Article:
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Daughter of district attorney raises $340K for Municipal Court race

Updated May 24, 2024 - 11:59 am

A candidate for Las Vegas Municipal Court with a familiar name has raised a staggering amount of money for the upcoming primary race.

Rebecca Wolfson, the daughter of Clark County District Attorney Steve Wolfson and former District Judge Jackie Glass, has raised over $340,000 in her run for Las Vegas Municipal Court Department 5 as of March 31, according to campaign finance reports. The amount is more than three times higher than the next largest contribution report — about $89,000 reported by incumbent Justice of the Peace Joseph Sciscento — for a contested judicial primary race.

Wolfson, 32, is campaigning against attorney Rae Canady, a former administrator for Las Vegas Municipal Court, and attorney Shannon Nordstrom, a former hearing master for the court.

Nordstrom left her position as a hearing master in November 2023, according to a city spokesperson.

Canady said she was fired from her job as a court administrator in March 2021. She said she was not given a reason for her firing, but that she believed it was “because I continued to push for policies that they did not want to implement that would have benefited our community.”

The three candidates are competing for a position on the Municipal Court bench with an annual base salary of just over $207,000, according to a city spokesman.

Wolfson said she was “humbled and grateful” by the large amount of donations she has received. Her campaign finance reports show that Wolfson received 228 contributions of $100 or more from lawyers, business entities and her parents.

Campaign contributions from a single entity are only allowed up to $10,000. According to the finance report, Rebecca Wolfson received $10,000 from each of her parents, an additional $10,000 from Steve Wolfson’s campaign, plus maximum donations from Station Casinos and the multimillionaire Dan Bilzerian.

“I’m so lucky that I have parents who not only support me in action, but have the means to support me and my race financially,” Wolfson said. “But I will say that the majority of my contributions have come from the community at large, and I am blown away personally by all the support.”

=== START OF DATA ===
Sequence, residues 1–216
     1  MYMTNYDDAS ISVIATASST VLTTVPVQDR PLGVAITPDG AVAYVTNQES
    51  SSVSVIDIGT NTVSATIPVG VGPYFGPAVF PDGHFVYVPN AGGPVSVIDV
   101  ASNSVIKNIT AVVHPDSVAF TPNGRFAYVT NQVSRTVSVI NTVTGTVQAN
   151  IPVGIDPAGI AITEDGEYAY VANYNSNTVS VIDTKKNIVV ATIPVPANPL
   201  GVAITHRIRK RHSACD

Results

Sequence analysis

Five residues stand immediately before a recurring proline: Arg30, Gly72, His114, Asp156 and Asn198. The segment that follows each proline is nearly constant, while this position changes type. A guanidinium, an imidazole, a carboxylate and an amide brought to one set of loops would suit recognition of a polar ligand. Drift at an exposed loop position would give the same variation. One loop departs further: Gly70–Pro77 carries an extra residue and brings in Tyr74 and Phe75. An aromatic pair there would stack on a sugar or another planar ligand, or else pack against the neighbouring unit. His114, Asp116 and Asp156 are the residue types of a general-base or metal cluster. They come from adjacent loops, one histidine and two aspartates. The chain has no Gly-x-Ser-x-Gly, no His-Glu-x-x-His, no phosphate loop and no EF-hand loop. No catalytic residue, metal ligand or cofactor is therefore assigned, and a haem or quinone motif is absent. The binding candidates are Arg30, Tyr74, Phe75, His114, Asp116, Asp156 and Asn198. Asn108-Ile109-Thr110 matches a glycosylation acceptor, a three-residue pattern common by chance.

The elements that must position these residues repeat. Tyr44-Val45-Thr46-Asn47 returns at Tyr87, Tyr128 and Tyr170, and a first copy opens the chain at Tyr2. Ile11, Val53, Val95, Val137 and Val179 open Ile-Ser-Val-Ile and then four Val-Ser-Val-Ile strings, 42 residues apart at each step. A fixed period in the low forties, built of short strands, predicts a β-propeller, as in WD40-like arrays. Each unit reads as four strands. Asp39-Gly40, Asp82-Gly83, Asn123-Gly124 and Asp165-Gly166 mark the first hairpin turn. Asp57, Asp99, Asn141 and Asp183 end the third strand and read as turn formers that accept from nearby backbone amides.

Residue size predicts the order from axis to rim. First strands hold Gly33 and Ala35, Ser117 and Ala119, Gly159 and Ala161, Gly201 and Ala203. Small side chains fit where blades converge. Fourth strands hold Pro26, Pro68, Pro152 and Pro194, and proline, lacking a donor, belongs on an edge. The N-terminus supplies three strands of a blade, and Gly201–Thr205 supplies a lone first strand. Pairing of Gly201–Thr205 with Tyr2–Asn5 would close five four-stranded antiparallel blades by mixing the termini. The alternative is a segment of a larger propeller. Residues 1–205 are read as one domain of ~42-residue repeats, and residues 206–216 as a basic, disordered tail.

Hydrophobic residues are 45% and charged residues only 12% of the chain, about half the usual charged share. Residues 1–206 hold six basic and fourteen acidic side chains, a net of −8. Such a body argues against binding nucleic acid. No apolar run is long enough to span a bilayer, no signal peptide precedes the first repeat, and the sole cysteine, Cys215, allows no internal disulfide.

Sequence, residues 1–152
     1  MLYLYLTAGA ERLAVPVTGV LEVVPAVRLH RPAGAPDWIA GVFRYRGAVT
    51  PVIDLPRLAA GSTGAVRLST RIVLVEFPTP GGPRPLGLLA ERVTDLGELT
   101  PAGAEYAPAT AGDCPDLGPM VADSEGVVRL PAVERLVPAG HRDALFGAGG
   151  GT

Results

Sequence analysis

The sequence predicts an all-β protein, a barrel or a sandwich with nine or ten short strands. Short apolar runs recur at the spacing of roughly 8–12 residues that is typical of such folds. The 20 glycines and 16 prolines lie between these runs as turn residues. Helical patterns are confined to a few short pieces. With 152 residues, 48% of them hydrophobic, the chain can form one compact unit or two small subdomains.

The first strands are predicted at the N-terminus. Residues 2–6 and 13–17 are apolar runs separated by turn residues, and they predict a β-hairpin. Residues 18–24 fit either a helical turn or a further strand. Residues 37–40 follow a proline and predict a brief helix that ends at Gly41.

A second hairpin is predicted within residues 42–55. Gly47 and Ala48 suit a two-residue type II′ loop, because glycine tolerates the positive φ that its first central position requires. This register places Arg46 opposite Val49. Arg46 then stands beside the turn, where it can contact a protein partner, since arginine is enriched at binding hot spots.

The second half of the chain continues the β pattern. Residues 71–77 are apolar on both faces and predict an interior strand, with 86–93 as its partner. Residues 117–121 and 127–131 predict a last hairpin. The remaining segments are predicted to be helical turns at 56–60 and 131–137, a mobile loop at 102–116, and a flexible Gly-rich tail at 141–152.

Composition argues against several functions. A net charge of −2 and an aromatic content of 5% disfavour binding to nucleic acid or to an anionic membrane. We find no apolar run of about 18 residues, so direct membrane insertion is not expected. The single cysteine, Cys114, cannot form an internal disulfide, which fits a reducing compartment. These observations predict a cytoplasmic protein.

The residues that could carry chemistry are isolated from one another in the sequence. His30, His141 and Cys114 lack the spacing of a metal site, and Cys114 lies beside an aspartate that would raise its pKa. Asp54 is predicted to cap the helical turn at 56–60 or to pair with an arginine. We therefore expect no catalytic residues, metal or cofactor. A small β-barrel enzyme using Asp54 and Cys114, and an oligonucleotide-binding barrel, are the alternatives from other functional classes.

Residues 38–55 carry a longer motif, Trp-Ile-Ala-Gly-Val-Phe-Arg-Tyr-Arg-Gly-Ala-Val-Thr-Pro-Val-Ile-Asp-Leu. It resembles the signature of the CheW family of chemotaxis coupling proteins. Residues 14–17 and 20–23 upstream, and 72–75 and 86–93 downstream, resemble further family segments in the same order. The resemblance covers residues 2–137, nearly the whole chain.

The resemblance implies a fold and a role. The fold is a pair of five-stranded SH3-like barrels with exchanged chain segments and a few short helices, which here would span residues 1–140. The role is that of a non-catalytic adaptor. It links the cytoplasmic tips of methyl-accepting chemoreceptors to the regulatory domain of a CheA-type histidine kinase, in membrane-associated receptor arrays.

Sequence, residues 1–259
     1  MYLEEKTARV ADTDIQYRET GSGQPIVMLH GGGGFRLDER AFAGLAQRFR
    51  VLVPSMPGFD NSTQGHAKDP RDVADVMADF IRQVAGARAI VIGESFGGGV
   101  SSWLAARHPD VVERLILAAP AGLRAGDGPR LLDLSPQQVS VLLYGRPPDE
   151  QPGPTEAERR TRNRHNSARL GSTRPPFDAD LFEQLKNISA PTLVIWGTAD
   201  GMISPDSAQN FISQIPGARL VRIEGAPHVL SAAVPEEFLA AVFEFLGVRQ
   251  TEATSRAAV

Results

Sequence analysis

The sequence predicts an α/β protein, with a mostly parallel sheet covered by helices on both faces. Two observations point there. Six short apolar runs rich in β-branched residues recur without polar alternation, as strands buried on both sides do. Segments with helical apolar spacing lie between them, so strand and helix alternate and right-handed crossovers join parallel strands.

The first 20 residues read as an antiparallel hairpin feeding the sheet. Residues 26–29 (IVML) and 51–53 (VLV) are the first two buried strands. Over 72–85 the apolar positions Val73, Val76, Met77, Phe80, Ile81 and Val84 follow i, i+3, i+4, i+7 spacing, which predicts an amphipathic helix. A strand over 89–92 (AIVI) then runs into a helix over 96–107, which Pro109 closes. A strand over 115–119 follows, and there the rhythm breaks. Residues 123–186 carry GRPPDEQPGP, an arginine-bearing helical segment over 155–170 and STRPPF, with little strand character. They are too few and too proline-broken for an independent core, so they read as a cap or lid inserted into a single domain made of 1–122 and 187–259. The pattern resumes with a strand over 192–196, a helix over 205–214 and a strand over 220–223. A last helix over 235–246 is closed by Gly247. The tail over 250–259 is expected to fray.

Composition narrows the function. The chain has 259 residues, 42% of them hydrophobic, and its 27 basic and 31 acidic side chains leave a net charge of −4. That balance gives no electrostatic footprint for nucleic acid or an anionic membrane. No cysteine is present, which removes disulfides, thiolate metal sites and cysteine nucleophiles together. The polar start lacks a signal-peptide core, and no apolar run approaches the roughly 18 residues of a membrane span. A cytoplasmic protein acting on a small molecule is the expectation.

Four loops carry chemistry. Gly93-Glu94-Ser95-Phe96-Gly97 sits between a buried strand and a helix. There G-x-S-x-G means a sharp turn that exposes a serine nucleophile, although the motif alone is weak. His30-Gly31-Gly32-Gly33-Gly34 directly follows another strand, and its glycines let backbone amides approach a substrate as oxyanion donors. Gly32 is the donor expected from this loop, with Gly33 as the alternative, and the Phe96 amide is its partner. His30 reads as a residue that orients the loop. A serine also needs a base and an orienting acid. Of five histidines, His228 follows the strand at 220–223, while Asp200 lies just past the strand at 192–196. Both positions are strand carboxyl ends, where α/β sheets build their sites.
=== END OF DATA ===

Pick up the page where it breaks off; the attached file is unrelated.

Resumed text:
Meanwhile, Canady raised just under $10,000 and Nordstrom raised about $22,300 for the race, according to campaign finance reports posted in April.

In a recent interview with the Review-Journal, Canady said she thinks the amount of money raised by Wolfson’s campaign for a Municipal Court race is inappropriate.

“I actually find it offensive that someone would raise that much money for a local race when there are so many other things or folks in our community that could be helped with that money,” Canady said.

Canady said she and Wolfson are “running very different races,” and that she is focusing on smaller donations.

“I never have nor will I ever expect to raise the kind of money that Rebecca has raised, I wouldn’t even ask people to donate that kind of money,” she said.

Nordstrom declined to comment on the amount raised in her opponents’ campaigns.

“I really try to just focus on my race and handle the things that I have control over,” she said.

Wolfson said she disagreed that raising money for judicial campaigns is “offensive.”

“It shouldn’t be about what the money could have been used for otherwise, because that money was contributed with intent,” she said.

Wolfson emphasized that she has received more endorsements than her opponents. Her endorsements include the Clark County Prosecutors Association, several unions and major law enforcement organizations.

Canady has been endorsed by several unions, including the SEIU Local 1107 union.

Wolfson said she has received donations from people “from all walks of life.”

“I’m really proud of my fundraising, it’s a reflection of my wide community support,” she said.

Contact Katelyn Newberg at knewberg@reviewjournal.com or 702-383-0240.

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